You want good mental health care for your son, but it won’t be easy to get.
By Ann Elizabeth
Let me be the first to welcome you to the world of the broken mental health care system, a club that no one wants to belong to (“Parents seek psychiatric help for Waseca suspect,” June 30). You will literally feel like you have fallen into the rabbit’s hole of “Alice in Wonderland,” especially if you have utilized the physical health care system and try to compare the two.
Thank goodness that your son was stopped before he carried out his plan. He and you are right: He needs serious help. Good luck with that.
I don’t mean to sound crass, but I speak from the voice of a parent who has considerable experience in this area. Even on the outside of the prison system and even for those with money or insurance to pay for mental health treatment, the system is sorely lacking.
People with serious mental illness are asked to wait for six to eight weeks before they can get in to see a psychiatrist. Imagine being ill with a physical disease that threatens your life and being asked to wait that long. (It would never happen.) To make matters worse, a physical illness usually threatens only that individual’s life. A mental illness can threaten many lives, as evidenced in the mass shootings.
Can’t get in to a psychiatrist in a timely fashion? Then you’d better threaten to kill yourself so you can be hospitalized. Yes, you will see a psychiatrist quickly there, but don’t expect anything as far as “therapy,” other than medications — and it’s hard to think the situation is better in prison.
I feel your pain. Best wishes.
Ann Elizabeth, of Shorewood, is a nurse.
Your shock and grief must be at its most extreme right now. I have two sons and know how we are affected by everything they do, good and bad. Your son is not much different from mine. We raised them the best we could with love and education, but of course they still had to find their own way.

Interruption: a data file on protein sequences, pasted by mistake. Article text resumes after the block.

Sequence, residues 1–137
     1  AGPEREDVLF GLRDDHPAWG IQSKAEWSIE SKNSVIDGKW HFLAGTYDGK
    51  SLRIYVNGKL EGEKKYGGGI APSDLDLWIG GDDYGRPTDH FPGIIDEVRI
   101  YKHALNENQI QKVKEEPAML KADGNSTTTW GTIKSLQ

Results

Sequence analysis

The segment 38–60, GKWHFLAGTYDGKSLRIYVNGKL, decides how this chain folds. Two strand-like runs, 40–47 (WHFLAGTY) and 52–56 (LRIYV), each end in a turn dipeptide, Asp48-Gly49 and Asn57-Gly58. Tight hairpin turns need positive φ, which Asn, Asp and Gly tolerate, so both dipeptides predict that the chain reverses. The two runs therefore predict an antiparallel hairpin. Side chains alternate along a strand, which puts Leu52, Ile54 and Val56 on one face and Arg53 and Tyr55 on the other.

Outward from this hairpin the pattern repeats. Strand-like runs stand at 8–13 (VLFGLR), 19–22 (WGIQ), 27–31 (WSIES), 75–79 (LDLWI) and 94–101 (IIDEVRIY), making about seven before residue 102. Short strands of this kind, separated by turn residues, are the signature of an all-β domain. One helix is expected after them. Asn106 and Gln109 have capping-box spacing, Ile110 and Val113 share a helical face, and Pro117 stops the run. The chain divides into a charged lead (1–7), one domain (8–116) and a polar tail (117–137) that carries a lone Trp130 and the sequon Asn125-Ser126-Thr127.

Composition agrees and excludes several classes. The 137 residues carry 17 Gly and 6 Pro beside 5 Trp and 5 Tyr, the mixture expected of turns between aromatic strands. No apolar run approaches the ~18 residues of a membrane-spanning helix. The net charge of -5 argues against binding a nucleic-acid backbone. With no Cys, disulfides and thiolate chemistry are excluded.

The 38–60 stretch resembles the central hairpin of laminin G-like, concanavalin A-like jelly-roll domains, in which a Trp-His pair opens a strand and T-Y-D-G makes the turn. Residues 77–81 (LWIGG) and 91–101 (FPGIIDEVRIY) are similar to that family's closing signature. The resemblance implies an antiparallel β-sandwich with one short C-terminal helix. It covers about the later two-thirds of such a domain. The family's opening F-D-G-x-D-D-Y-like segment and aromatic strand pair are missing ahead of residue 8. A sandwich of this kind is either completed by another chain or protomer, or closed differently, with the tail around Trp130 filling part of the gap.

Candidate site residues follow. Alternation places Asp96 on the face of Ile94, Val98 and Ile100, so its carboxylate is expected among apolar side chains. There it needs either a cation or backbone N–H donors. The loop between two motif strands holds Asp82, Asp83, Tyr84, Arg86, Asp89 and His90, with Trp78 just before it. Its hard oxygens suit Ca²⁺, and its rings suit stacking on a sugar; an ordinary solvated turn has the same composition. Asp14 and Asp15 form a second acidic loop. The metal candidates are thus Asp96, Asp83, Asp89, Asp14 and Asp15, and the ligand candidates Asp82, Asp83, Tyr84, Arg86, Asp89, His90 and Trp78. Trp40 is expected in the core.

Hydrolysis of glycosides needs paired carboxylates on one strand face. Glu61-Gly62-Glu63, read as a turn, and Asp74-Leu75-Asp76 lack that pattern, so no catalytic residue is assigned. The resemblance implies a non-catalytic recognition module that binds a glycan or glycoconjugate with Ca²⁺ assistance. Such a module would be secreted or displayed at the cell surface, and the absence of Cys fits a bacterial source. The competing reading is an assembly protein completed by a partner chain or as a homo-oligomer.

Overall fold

A difference with raising my sons was that I did not have to manage the addiction young boys have in today’s world to violent, controlling video games. Whether or not it applies in this case, it is my strong feeling that we are not focusing on the highly intoxicating influence that repetitive games might have on young minds. We need to ask about subtle and pervasive impacts. If anyone of us watched and interacted with images or actions of any kind for hours at a time, let alone over a period of years, we would be deeply influenced and indoctrinated to that exposure.
It would be relevant to investigate how much gaming your son has done as an adolescent. Perhaps any mental illness may have close links to — or may actually begin with — extensive exposure to violent and insidiously repetitive video games.
It is way past time to hold the makers of these games partly accountable for many heinous actions and deaths caused by seriously compromised actions of young people. It is time to ask which came first — the “mental illness” or the indelible indoctrinations of video games.
As parents, you have gotten to the other side of what was potentially a catastrophic event. But I think there is an unexposed villain in the stories of the control of our young boys through video gaming. We need to follow the path of the digital monster. I have 11 grandchildren who need to be free to grow up without that lethal behemoth sitting in wait. We need impassioned examination of the damage done, and we must confront it head-on.
Sara Meyer lives in St. Marys Point.